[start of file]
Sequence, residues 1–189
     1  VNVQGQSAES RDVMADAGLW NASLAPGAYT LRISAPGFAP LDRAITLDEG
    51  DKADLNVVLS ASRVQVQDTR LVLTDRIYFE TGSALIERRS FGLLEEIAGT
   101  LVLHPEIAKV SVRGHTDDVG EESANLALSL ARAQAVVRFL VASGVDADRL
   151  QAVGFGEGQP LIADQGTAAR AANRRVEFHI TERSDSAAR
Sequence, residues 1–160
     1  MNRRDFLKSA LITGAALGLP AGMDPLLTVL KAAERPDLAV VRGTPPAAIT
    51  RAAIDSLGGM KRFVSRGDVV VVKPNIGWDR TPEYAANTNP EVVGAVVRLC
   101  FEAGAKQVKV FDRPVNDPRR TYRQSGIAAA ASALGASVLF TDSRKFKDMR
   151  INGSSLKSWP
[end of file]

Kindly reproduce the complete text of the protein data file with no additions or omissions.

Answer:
Sequence, residues 1–189
     1  VNVQGQSAES RDVMADAGLW NASLAPGAYT LRISAPGFAP LDRAITLDEG
    51  DKADLNVVLS ASRVQVQDTR LVLTDRIYFE TGSALIERRS FGLLEEIAGT
   101  LVLHPEIAKV SVRGHTDDVG EESANLALSL ARAQAVVRFL VASGVDADRL
   151  QAVGFGEGQP LIADQGTAAR AANRRVEFHI TERSDSAAR
Sequence, residues 1–160
     1  MNRRDFLKSA LITGAALGLP AGMDPLLTVL KAAERPDLAV VRGTPPAAIT
    51  RAAIDSLGGM KRFVSRGDVV VVKPNIGWDR TPEYAANTNP EVVGAVVRLC
   101  FEAGAKQVKV FDRPVNDPRR TYRQSGIAAA ASALGASVLF TDSRKFKDMR
   151  INGSSLKSWP